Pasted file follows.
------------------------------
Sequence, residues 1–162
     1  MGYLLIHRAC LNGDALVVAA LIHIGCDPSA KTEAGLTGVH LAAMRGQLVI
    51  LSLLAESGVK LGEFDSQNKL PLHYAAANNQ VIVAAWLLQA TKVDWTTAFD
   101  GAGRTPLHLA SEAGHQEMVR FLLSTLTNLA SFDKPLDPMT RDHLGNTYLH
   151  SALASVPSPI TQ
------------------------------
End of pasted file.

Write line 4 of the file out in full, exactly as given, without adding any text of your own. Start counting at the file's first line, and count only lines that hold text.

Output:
   101  GAGRTPLHLA SEAGHQEMVR FLLSTLTNLA SFDKPLDPMT RDHLGNTYLH